Wrist grabbing?

Discussion in 'General Self Defense' started by Kissthecarpet, Feb 27, 2018.

  1. Kissthecarpet

    Kissthecarpet White Belt

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    I always wondered why people practice "grab my wrist" techniques? Are they of any use?. The times when I was a young lad on school the bullies never pulled such a move, and in street attacks I have seen, they didn't happen like that, also check some security camera stuff, most attacks don't happen like this. Thanks in advance for your insights.
     
  2. hoshin1600

    hoshin1600 Senior Master

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    your interpretation of the attack is wrong.
     
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  3. Kissthecarpet

    Kissthecarpet White Belt

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    How?
     
  4. lklawson

    lklawson Senior Master

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    Because most wrist grabs are predicated on the grabber's intention to "control" the person. Often that is grabbing at a weapon bearing wrist but is also sometimes seen when someone is trying to dominant or exercise restraint and control.

    It's not usually applicable to a "street fight." And as for your school yard fights, it doesn't happen there unless they're trying to restrain you and put your head in a toilet.

    That said, I think that some people or arts over-emphasize the techniques to an out-sized importance not consistent with its representation in "real life."

    Peace favor your sword,
    Kirk
     
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  5. JowGaWolf

    JowGaWolf Grandmaster

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    The wrist grabbing techniques are drills for something that always happens, in grappling range. Especially in the event that you have a weapon, knife or stick. The concept of grabbing the wrists will almost always occur.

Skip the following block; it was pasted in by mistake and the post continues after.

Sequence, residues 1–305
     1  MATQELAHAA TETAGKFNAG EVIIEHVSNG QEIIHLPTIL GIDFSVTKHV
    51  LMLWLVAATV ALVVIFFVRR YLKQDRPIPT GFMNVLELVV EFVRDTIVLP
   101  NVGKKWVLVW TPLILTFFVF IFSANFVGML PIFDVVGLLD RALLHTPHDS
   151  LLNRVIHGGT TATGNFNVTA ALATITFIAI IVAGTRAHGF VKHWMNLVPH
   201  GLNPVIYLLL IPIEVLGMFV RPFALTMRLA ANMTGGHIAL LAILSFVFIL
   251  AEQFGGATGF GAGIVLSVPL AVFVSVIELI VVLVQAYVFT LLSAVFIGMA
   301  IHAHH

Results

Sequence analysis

In terms of Martial Arts, If you come across a grappler then your wrists are in danger. The wrists are a point of control that can eventually spell doom. Wrist grab -> arm control-> throw. Or whatever comes next

    We don't see it often simply because most people aren't skilled enough to do a wrist grab as an offense and those who do train are less likely to be in a fight.
     
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  6. MI_martialist

    MI_martialist Brown Belt

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    Maybe people train wrist grabs because they are not training wrist grabs.
     
  7. JowGaWolf

    JowGaWolf Grandmaster

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    Agree. It's almost always demonstrated and drilled in it's most simple concept where someone leans forward to grab a wrist. That context is always over-emphasized. However, if the person is in withing grabbing range then the technique becomes more valuable,
     
  8. JowGaWolf

    JowGaWolf Grandmaster

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    Agree. I train wrist grabs as an offensive and defensive tool.
     
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  9. Kung Fu Wang

    Kung Fu Wang Grandmaster

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    You grab on your opponent's wrist. While he pays attention on your wrist grip, you let go your grip, and punch to his face.
     
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  10. JR 137

    JR 137 Senior Master

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    In addition to mostly what’s been said, my previous dojo did wrist grab defenses as a progression. We first learned the defenses and follow ups with someone grabbing your wrist. Then grabbing your sleeve at the wrist, sleeve at the elbow, elbow-ish area, lapels, etc. Pretty soon it got to two people grabbing and pushing each other around and a response from either. Similar to a judo match or even the start of a bar room brawl where guys are grabbing each other and trying to knock each other over. It’s all about very close distance “in-fighting.”

    If all you do is simple wrist grabs and escapes with a compliant partner, they’re not worth much. If you have a progression of the grabbing and resistance, they’re quite valuable. You’ve got to start somewhere, and a simple wrist grab is the easiest and most logical place to start.

    It’s no different than those stereotypical one-step defenses when someone steps in with a lunge punch and holds it out there waiting for the counter. They’re a great way to introduce the concept, but if it doesn’t progress sooner or not too much later, it’s little more than a waste of time.

    Edit: When I was wrestling and coaching it, wrist control and wrist control escapes were very important during the neutral standing phase. I taught a couple ways to counter wrist control that I learned later on in karate to my wrestlers. The ones that actually used them did quite well with it.
     
    Last edited: Feb 27, 2018